January 18th I had the joy of visiting Church of Our Saviour Somerset, a parish that is powerful example of what it means to be authentic Christian community. Their rector, Kate has built a community at Church of Our Saviour committed to learning from one another as they discern what it means to be a disciple of Christ. This mutual learning environment has developed leadership, spiritual depth and a sense of joy that fills the parish.
This culture of Church of Our Saviour made it easy to preach on the call to relationship. The sermon highlights that being a disciple of Christ is primarily about responding to the recognition that Christ abides in humanity and exists in each one of us, this is the miracle of the incarnation. Therefore, we can only fully know God through being in authentic relationship with one another. The work of being in relationship in a way that reveals our identity in God and challenges us to live a life as agents of reconciliation … this is church. This is important in parish life but also in the way that we engage with the pain of the world. The sermon address how this dynamic of relationship MUST be in place if we are to respond rightly to the racial injustices in the U.S. today.
While I was in the states I had lunch with lovely group of people connected to All Saints Episcopal Church in Pasadena CA. Our conversation centered on how we, in our various life sages and professions, can best represent Christ and the love he had for people in this world. During our conversation Juliana, the director if community connections at All Saints, raised the issue of charity vs. justice. Though inherently something in her resisted a charity model she felt like our faith stories endorse ‘mercy ministry.’ While I fully support mercy I think the interpretation of these acts of Christ as charitable (in our understanding of the word) is incomplete. Take for example the store below when Jesus heals a leper.
I began saying my goodbyes mid January, I was sitting on a rickety wood bench in Embu Kenya, peering into the eyes of my good friend Patrick. I told him, in about a year I’m going to be returning to America and I won’t be coming back for a bit. It would be sad, but I would come visit as much as I could. I started to cry, not big tears but soft tears of recognition that this phase of my life would end soon.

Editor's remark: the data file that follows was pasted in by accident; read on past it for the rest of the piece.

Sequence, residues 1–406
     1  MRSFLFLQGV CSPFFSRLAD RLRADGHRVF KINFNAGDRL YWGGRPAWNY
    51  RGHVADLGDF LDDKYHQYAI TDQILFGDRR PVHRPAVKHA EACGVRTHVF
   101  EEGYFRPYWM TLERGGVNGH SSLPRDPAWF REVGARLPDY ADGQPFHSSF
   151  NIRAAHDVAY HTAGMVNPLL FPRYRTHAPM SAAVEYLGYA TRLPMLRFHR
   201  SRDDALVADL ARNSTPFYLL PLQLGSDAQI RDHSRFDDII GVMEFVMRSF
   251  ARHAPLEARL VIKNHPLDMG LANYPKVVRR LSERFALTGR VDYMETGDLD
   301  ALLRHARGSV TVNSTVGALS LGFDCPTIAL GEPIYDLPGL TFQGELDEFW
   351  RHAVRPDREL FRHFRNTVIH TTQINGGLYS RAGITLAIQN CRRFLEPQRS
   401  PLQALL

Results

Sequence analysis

It’s my goal to walk into this departure full on and accepting all of it. There are so many moments I enjoy here, the glance of my best friend, children dancing on the streets, gospel music blaring on Sunday mornings. I will not have those soon and it’s good to be as prepared as I can be for that loss.
A Reflection on Jal Mehta’s, The Allure of Order, Part 1
In the past two years I have traversed the borders of the US and Africa five times. With each crossing I am more aware of the parallels between the challenges faced between the two nations. Though appearances and circumstance may cause them to appear different on the surface, the core struggles that we face are strikingly similar.
This truth reared its head again during my recent reading of The Allure of Order by Jal Mehta a professor at the Graduate School of Education at Harvard University. Mehta opens with a catalog of failed attempts to fix an underperforming and inequitable US education system at the top of the pyramid, through policy: the most recent and (in)famous of these attempts being President George W. Bush’s ‘No Child Left Behind.’
Mehta’s ability to depict our human desire to control and manage broken situations (brokenness defined as, “the results we are seeing are far from our expectations.”) rather than work within them and alongside them to create long-term change resonated deeply with the challenge I experience in Kenya around child poverty.